One of the most acclaimed essayists of his generation, Wesley Yang writes about race and sex without the jargon, formulas, and polite lies that bore us all. His powerful debut, The Souls of Yellow Folk, does more than collect a decade's worth of cult-reputation essays -- it corrals new American herds of pickup artists, school shooters, mandarin zombies, and immigrant strivers, and exposes them to scrutiny, empathy, and polemical force.In his celebrated and prescient essay "The Face of Seung-Hui Cho," Yang explores the deranged logic of the Virginia Tech shooter. In his National Magazine Award-winning "Paper Tigers," he explores the intersection of Asian values and the American dream, and the inner torment of the child exposed to "tiger mother" parenting. And in his close reading of New York Magazine's popular Sex Diaries, he was among the first critics to take seriously today's Internet-mediated dating lives.Yang catches these ugly trends early because he has felt at various times implicated in them, and he does not exempt himself from his radical honesty. His essays retain the thrill of discovery, the wary eye of the first explorer, and the rueful admission of the first exposed.
To help people uncover their talents, Gallup introduced the first version of its online assessment, StrengthsFinder, in the 2001 management book Now, Discover Your Strengths. The book has spent more than five years on bestseller lists and ignited a global conversation, while StrengthsFinder has helped millions discover their top five talents. In StrengthsFinder 2.0, Gallup unveils the new and improved version of its popular assessment and much more. Loaded with hundreds of strategies for applying your strengths, this new book and accompanying website will change the way you look at yourself-- and the world around you--forever.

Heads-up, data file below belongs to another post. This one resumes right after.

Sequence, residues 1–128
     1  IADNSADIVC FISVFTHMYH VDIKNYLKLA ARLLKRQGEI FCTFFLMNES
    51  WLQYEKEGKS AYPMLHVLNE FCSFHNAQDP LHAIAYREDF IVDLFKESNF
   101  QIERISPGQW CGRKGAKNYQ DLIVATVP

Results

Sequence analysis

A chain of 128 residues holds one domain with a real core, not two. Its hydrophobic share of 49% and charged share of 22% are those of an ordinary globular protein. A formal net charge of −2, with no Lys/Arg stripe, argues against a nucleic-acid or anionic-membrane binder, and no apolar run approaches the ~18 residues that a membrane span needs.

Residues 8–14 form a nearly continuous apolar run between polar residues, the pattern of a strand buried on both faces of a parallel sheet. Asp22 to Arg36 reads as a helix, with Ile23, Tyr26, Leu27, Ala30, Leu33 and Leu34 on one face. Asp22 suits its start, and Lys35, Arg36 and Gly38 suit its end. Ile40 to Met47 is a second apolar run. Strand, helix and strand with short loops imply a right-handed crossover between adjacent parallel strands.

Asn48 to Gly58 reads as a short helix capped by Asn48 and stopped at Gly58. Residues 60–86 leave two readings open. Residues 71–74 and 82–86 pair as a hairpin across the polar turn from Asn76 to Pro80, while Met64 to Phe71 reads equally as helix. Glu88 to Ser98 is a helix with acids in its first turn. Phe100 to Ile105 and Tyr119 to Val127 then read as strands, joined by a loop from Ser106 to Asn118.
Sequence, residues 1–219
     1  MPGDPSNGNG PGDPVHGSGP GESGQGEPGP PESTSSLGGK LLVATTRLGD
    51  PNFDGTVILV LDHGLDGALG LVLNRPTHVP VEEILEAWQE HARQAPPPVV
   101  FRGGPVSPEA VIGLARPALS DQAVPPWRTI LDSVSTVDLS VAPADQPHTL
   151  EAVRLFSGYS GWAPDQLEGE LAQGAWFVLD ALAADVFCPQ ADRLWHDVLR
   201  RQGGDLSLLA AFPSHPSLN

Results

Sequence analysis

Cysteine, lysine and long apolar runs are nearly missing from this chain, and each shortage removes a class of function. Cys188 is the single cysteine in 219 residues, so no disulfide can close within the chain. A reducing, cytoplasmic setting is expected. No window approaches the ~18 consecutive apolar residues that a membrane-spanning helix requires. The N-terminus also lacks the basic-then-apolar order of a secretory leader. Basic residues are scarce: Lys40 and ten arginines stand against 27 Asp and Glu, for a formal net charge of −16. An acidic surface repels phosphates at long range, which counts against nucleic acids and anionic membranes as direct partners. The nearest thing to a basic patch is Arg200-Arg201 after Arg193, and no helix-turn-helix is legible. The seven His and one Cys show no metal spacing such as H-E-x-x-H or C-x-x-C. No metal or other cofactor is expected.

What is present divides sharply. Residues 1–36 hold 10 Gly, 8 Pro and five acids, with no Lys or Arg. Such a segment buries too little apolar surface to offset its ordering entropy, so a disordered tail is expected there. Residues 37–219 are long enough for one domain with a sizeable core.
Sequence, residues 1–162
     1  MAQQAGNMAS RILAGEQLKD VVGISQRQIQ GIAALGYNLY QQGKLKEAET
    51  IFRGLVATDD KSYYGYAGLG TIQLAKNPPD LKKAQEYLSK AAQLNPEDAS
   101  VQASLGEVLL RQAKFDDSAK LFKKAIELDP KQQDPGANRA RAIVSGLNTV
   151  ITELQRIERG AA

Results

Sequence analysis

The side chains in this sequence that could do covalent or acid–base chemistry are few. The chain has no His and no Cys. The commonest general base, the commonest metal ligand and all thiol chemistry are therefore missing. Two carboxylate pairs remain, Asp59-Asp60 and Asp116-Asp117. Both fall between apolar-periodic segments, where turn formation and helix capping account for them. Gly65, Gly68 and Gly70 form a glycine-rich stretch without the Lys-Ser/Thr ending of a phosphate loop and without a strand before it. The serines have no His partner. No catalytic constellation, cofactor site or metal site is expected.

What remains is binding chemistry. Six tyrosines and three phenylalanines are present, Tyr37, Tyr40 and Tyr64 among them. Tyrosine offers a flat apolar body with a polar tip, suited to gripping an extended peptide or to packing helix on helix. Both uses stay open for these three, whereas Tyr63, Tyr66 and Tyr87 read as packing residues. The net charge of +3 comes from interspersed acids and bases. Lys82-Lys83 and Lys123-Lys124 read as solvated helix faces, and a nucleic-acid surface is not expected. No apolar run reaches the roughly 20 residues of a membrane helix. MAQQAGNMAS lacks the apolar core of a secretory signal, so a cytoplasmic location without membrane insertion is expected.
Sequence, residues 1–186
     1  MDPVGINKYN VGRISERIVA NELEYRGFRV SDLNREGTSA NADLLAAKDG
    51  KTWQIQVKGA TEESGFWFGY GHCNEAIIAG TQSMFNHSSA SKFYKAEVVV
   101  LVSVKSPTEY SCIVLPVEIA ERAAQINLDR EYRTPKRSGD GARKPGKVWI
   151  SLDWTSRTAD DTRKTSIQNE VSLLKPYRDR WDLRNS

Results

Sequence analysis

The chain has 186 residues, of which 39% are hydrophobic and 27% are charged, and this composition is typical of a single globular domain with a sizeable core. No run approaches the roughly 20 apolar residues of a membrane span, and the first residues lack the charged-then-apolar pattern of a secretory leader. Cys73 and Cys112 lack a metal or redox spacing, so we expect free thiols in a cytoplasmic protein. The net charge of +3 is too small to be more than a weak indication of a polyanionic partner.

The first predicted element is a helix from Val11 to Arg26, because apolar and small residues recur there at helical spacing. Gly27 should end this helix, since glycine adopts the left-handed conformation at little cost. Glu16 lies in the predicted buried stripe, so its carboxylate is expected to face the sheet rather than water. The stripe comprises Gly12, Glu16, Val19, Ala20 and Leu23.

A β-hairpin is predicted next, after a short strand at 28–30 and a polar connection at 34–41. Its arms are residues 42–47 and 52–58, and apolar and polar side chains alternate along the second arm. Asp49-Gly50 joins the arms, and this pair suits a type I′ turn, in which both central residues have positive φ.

In a compelling, story-driven narrative, the Heaths bring together decades of counterintuitive research in psychology, sociology, and other fields to shed new light on how we can effect transformative change. "Switch" shows that successful changes follow a pattern, a pattern you can use to make the changes that matter to you, whether your interest is in changing the world or changing your waistline.
How do you turn a diverse group of employees into an effective team? This problem-solving reference spells out guidelines and easy-to-grasp tips and tactics for both team leaders and members. It show how to manage the human factors and nitty-gritty details that can hamper teamwork, explaining how to: define roles and responsibilities, select team members, encourage positive behavior, facilitate participation at team meetings, maintain control, evaluate and reward teams, and determine training needs.
In this book the author draws on the insights and evidence gained in administering the inaugural Aspen Prize for Community College Excellence. This book identifies four domains of excellence including degree completion, equity, student learning, and labor market success, and describes in detail the policies and practices that have allowed some community colleges to succeed in these domains. By starting with a holistic definition of excellence, measuring success against that definition, and then identifying practices and policies that align with high levels of student success, the author seeks to contribute to the growing body of knowledge about improving student success in community colleges.
Combining the humor and warmth of Bringing Up Baby with the insight of The Smartest Kids in the World, World Class is a firsthand exploration of how American schools are failing our children, and what parents can learn from the Asian education system to help our children excel in today's competitive world.